“This was our Maginot Line. It would keep us safe, just as the French believed their series of steel and concrete forts would guard them against the German advance in 1940,” he wrote in the Sydney Morning Herald and the Age newspapers.

“But their thinking failed catastrophically. The French had failed to appreciate the evolution of mobile warfare. Like the French, Australia has failed to see how mobile our authoritarian neighbor has become.”

Hastie warned that it would be “immensely difficult” to uphold democratic convictions in the face of China’s growing might under President Xi Jinping. Without concerted action, he added, Australia’s sovereignty and freedoms would suffer and its “choices will be made for us.”

Under Xi, China has built up military installations in the disputed South China Sea and increasingly challenged the forces of the United States and its allies in the region. Through its Belt and Road program, it has rolled out loans for infrastructure from the Pacific to Europe and Africa, leaving some nations with unsustainable debts.

Closer to home, Xi has overseen an expansion of the state surveillance apparatus and has been putting pressure on Taiwan, which Beijing regards as a renegade province, through military exercises and efforts to cut off the democratic island’s diplomatic partners.

Australia has a long-standing security alliance with the United States, but its top trading partner is China, whose appetite for raw materials such as coal and iron ore has helped drive Australia’s economic growth over the past quarter-century.

China’s embassy in Canberra criticized Hastie’s remarks, accusing him of having a Cold War mentality and “ideological bias.”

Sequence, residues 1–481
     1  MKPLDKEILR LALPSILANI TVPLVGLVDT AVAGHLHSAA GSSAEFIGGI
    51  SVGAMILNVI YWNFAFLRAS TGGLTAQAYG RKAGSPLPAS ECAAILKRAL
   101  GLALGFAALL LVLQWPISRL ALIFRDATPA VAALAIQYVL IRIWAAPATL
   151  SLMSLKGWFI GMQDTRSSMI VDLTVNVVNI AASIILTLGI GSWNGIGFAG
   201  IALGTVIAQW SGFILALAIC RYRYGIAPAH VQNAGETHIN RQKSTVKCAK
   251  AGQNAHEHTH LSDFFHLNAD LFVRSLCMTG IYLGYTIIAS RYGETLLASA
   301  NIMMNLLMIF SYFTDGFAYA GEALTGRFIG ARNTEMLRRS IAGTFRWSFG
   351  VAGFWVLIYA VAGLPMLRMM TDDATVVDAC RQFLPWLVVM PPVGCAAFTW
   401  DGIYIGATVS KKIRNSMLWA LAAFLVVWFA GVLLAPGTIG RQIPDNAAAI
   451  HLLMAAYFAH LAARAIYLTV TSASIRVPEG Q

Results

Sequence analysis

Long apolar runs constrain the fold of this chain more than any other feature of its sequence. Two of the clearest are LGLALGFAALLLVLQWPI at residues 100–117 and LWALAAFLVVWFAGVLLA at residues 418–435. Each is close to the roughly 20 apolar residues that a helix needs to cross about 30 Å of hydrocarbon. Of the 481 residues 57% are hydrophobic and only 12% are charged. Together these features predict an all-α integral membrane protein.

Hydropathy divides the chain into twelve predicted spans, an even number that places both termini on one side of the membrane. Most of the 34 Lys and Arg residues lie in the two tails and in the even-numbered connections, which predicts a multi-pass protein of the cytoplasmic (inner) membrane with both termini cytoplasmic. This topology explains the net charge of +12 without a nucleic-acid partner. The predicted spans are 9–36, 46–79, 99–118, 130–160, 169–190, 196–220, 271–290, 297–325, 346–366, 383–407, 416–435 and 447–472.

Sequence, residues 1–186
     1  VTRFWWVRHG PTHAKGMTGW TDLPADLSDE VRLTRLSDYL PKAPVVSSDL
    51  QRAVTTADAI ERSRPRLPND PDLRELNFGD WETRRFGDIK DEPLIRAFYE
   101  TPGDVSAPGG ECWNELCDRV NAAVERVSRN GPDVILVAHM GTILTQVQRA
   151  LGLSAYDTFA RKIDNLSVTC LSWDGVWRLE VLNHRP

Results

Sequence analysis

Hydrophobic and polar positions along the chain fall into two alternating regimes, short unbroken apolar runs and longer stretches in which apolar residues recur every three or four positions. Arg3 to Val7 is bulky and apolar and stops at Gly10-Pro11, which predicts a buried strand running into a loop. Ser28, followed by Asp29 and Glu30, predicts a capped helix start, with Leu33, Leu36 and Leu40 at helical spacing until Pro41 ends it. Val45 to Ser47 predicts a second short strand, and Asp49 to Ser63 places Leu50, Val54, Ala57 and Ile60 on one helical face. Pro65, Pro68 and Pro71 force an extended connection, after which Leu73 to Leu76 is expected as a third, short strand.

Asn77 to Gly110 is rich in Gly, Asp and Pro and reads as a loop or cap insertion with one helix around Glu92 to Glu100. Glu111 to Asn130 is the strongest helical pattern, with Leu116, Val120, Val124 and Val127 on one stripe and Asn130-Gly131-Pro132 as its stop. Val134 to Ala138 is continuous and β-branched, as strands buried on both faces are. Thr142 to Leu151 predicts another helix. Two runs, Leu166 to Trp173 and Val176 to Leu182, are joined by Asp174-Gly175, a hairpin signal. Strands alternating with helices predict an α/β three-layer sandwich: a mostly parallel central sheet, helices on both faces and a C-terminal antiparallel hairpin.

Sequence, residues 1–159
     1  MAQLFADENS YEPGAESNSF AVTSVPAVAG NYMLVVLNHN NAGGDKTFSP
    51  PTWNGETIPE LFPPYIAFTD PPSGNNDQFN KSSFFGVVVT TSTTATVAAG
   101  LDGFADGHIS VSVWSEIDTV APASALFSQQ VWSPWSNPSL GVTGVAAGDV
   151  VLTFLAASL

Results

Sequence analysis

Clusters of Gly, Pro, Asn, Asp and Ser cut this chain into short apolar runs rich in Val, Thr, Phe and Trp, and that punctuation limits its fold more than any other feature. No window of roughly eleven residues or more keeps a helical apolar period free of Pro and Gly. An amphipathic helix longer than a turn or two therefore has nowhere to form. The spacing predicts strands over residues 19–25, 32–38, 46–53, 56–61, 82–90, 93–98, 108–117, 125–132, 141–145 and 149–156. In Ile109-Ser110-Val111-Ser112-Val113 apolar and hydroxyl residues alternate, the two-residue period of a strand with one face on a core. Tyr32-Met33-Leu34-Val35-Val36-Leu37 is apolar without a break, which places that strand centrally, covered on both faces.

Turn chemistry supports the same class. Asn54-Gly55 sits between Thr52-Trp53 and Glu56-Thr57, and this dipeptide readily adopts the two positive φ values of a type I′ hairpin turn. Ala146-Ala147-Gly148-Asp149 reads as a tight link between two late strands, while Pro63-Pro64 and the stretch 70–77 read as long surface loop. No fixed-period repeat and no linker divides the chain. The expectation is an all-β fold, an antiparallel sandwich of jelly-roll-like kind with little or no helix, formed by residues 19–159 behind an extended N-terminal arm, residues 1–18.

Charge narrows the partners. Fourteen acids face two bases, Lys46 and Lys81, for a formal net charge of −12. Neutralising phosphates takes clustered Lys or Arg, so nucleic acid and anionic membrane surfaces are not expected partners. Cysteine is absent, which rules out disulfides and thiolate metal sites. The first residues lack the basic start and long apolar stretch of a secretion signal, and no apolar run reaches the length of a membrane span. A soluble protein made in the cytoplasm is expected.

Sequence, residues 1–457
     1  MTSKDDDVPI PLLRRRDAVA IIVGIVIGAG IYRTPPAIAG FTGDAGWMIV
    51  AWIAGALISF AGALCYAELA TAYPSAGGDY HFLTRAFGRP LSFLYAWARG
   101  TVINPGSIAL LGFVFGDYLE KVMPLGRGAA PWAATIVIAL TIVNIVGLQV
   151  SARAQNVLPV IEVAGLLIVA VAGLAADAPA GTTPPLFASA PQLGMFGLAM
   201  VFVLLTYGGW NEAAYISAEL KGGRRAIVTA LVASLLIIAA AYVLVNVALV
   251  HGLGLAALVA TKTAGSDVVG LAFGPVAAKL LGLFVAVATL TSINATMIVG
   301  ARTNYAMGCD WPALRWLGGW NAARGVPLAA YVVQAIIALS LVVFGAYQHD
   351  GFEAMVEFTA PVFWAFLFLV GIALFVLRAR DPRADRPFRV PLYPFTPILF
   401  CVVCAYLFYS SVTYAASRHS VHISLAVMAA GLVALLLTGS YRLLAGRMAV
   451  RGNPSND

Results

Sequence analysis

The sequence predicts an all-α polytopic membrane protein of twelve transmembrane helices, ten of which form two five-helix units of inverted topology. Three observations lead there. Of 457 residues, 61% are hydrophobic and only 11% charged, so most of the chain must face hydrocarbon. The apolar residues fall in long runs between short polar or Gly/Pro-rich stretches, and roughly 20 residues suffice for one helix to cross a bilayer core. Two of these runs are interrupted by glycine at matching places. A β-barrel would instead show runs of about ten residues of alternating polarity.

“It goes against the world trend of peace, cooperation and development,” the embassy said in a statement. “It is detrimental to China-Australian relations.”

Prime Minister Scott Morrison said Thursday that Hastie was entitled to his views.

Like other U.S. allies, Australia has been grappling with the risks and rewards of China’s rise. Australia has blocked Chinese tech giant Huawei from its 5G network rollout and recently passed new laws designed to prevent foreign interference in its domestic politics.

Both moves have chilled relations with China of late. Australian officials have stressed that the relationship should not be defined by differences, while acknowledging that there would be some disagreements.

At the same time, the United States has been pressing Australia to take bolder action in countering China’s growing power in the Asia-Pacific region. Australia, though, has said that it would not host U.S. missile bases.

In the op-ed, Hastie said Australia “must be clear-eyed” about the dangers posed by China. “We are resetting the terms of engagement with China to preserve our sovereignty, security and democratic convictions, as we also reap the benefits of prosperity that come with our mutually beneficial trade relationship,” Hastie said.


Federal MP compares China to Nazi Germany on new right-wing site